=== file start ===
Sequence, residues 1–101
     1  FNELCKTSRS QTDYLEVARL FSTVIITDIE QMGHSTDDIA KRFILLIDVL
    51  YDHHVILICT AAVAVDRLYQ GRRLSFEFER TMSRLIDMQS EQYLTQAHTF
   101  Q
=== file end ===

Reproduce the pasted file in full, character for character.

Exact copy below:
Sequence, residues 1–101
     1  FNELCKTSRS QTDYLEVARL FSTVIITDIE QMGHSTDDIA KRFILLIDVL
    51  YDHHVILICT AAVAVDRLYQ GRRLSFEFER TMSRLIDMQS EQYLTQAHTF
   101  Q